Examples of practices that can put a company at high risk are “someone wearing a company uniform, using the company’s equipment and taking directions from a company employee,” he said.
Companies should look for ways they can “disconnect the relationship” between the business and its contractors, he said.
“If you are not putting up the right guards, you run the risk of people being construed as employees,” he said.
The U.S. Department of Labor, as well as New York state, are implementing regulations and laws that will require an employer to notify workers of their employment classification, in an effort to stave off cases of contract workers seeking unemployment benefits.
It is also important for a company to maintain due diligence in hiring a staffing agency. Bartlett said a company can be looked on as a joint employer with a staffing agency and should consider an indemnification clause against any unpaid-wage claims in its contract.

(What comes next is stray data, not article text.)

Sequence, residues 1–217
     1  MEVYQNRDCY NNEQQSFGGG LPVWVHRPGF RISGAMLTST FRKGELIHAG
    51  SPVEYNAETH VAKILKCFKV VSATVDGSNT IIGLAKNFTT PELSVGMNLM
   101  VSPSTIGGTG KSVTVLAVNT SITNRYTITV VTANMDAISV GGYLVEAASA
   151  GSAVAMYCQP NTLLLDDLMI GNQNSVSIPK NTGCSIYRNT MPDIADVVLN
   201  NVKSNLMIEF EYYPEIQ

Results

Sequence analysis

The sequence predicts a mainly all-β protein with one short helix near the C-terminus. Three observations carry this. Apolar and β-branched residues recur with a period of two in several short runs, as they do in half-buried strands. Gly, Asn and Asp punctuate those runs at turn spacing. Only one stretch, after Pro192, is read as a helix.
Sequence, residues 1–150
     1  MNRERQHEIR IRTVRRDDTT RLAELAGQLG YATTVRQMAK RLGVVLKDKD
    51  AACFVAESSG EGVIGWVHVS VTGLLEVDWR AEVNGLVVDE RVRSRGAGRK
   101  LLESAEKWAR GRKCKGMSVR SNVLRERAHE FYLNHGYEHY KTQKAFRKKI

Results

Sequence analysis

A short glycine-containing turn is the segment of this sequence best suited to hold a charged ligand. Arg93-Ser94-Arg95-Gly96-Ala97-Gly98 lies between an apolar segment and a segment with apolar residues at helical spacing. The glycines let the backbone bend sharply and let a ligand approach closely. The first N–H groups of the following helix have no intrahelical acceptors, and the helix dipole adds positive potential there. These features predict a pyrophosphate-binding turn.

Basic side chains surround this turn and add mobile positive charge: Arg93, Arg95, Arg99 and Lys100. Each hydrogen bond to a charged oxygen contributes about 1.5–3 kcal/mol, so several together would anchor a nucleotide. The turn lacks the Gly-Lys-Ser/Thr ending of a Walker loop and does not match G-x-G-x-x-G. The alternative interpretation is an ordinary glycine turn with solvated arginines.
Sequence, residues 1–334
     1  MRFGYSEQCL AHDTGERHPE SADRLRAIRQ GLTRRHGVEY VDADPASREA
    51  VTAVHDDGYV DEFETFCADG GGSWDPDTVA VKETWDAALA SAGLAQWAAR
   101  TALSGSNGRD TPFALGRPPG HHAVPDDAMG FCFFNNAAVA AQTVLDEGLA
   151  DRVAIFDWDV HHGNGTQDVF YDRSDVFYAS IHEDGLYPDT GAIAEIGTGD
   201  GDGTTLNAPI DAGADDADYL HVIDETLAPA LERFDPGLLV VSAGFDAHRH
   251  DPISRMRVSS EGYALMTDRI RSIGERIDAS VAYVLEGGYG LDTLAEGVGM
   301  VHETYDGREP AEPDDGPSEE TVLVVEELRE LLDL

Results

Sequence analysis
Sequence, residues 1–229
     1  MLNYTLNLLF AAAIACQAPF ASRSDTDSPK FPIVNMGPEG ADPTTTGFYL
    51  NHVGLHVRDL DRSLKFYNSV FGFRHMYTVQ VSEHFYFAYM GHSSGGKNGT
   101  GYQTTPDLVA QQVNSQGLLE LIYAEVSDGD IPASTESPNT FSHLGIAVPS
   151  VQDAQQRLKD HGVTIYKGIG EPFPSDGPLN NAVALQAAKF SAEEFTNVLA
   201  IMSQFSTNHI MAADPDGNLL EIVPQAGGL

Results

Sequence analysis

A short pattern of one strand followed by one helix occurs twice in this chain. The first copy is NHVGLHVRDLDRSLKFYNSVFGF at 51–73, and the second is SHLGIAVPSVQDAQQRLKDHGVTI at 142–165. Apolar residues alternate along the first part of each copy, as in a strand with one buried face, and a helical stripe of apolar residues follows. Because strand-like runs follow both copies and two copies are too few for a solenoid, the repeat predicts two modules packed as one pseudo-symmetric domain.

Contract workers are doing more than assisting full-time employees, said addONE’s Packman. “They are carrying the ball, leading the project,” she said. These days, “companies need someone who can hit the ground running,” a quality addONE’s contractors provide. Marketing is a skill that is “transferable across industries,” she said.
The use of contractors for social media is an increasing trend, and in the fall the company plans to add a new division, addONE Digital, to address those needs.
Packman said she is hopeful an upswing in marketing bodes well for the economy as whole. “We are starting to see the budgets come back,” she said. “Companies are saying, ‘We’ve got to promote what we do,’ “ she said. “You don’t want to spend money the wrong way.”
Best practices for utilizing contractors:
1. Take time to look closely at whether “contractors” should actually be treated as employees in the eyes of the law.
2. Develop a checklist to ensure that, for any worker you treat or plan to treat as a contractor, you maintain a distinction between an employment relationship and an independent contractor.
3. Disconnect the relationship. Avoid contractors wearing company uniforms, using company equipment, or performing the same duties as company employees.